Less Than Perfect Credit Score When You Are Cash-Rich

Posted by Kelly Luff in Credit Reports on 8 March 2017 - Kelly is a Marketing Executive at checkmyfile

You might tick all the boxes in terms of financial stability – you may have paid off your mortgage, own your own car outright and have a hefty savings and pension pot. So why is your credit score not 1000 out of 1000?

Are You a 'Low' or 'High' Credit Risk?

Credit scores are used by lenders to decide your ‘risk’ to them before they lend you money. So if you’ve got savings coming out of your ears, a good income and don’t owe anyone money, surely they’d deem you a low risk and all want to lend to you, right?

Unfortunately this isn’t always the case. Certainly, if you ask your bank for a loan and you’ve always banked and saved with them, they’ll be more than aware of your financial standing and reliability. The difficulty is when you decide to apply for what might be a more attractive offer and they then request your credit report to decide if you are a ‘good’ or ‘bad’ risk.

At this point, the lender will view your credit history for the last 6 years. This might include your credit card debt, mortgage, loans or mobile phone contract, along with other data such as Electoral Roll or court records.

What it doesn’t show is your bank balance (unless you are using your overdraft), your savings and ISAs or your pension pot. It also won’t show your mortgage if it’s been paid off and closed for more than 6 years.

So, we often hear from customers with a lot of money in the bank and a good salary, but an average credit score and they all ask the same question - why?

Put simply, because your credit score is based on how you manage your debt, you need to have debt on your credit report to show how you repay it. If there is nothing recorded on your credit file, there is nothing for the lender to base their assessment. And if they can’t see whether you are able to repay £15 a month for your mobile phone, how can they decide whether to risk you repaying them £1,200 a month on a mortgage?

You may only buy something if you can afford to pay in cash, and hate the thought of borrowing from banks, but this lack of credit utilisation can impact you when you do need to borrow money for something like a mortgage and that is often reflected in your credit score.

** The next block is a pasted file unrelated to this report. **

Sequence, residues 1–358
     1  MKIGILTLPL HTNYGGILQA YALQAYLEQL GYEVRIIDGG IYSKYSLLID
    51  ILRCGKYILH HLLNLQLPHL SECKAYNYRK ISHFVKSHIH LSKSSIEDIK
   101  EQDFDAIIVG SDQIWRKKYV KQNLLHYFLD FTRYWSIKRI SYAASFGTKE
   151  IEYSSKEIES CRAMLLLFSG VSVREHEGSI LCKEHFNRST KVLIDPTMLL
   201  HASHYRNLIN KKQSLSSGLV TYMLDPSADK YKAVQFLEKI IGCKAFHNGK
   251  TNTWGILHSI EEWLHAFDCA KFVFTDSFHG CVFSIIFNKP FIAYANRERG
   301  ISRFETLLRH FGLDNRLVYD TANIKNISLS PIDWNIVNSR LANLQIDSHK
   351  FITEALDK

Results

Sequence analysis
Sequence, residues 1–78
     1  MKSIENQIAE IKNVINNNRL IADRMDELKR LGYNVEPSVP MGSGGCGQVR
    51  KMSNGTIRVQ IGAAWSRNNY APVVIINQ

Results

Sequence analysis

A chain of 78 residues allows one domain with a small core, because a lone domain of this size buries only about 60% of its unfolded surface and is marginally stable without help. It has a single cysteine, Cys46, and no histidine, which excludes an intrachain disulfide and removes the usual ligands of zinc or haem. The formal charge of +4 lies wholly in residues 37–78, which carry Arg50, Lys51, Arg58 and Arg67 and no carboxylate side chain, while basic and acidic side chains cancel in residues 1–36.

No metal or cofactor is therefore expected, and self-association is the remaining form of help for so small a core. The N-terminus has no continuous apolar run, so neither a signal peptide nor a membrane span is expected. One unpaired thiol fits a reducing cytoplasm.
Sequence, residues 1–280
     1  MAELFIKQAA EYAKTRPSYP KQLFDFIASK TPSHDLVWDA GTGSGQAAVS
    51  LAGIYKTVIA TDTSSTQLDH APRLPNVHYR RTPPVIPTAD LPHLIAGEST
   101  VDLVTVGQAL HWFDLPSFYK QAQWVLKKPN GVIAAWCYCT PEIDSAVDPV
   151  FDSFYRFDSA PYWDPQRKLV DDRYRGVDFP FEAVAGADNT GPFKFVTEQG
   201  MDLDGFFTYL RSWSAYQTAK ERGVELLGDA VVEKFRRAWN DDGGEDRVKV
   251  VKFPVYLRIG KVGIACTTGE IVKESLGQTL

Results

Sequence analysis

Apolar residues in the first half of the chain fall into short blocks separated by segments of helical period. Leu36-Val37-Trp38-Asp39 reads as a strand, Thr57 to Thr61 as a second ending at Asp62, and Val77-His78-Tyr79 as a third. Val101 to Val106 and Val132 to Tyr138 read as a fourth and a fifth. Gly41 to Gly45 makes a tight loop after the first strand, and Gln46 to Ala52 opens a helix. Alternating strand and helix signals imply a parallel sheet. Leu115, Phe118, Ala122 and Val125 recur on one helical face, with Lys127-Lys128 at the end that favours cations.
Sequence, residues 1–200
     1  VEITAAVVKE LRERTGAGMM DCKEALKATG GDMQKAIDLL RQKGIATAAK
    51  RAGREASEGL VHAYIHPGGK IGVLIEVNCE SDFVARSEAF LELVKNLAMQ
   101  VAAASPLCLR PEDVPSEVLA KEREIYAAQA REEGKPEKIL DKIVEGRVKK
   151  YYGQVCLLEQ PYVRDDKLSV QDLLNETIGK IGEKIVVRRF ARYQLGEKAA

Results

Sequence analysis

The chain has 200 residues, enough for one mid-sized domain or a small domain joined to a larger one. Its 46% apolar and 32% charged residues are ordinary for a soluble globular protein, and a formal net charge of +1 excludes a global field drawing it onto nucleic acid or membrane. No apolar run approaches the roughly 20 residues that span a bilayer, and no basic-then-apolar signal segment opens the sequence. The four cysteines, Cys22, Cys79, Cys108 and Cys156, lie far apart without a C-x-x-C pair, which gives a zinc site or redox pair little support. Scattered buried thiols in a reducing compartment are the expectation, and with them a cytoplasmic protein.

Lenders don't only use your credit report to accept or decline an application, so elements such as employment, homeownership and salary will often be taken into account, but when you check your credit score, these components won't have been used to calculate it.

How to Build & Maintain Your Credit History

Thin credit files tend to be the affliction of those at either the start or the end of the credit-using period of their lives. Whether you simply aren’t old enough to have built up a credit history, or no longer have the need to borrow because you are cash-rich, the same issues surrounding a lack of history can affect you.

For this reason, many consumers keep their toes dipped into the credit-using world. Whether it’s taking advantage of an interest free period offer on your sofa, or keeping a credit card ticking over by putting your petrol on it and paying it off every month, there are ways to keep using credit so that your credit report remains healthy.

These are ways in which credit can be utilised without it ever costing you an additional penny, so it may be worth making the most of these to ensure that there is something being reported each month. What isn’t recommended is taking any old credit out to build your history – borrowing using payday loans for instance can actually harm how lenders might judge you, as they cannot be sure that you are good at managing money if you use short-term credit.

Having some credit accounts reported each month certainly helps to build your credit history (as long as you ensure you repay on time), and making sure that you stay on the Electoral Roll can also help to keep your credit score in good shape.

Check Your Credit Report from 4 Data Sources

30 Day Free Trial

How To Remove Negative Markers on Your Credit Report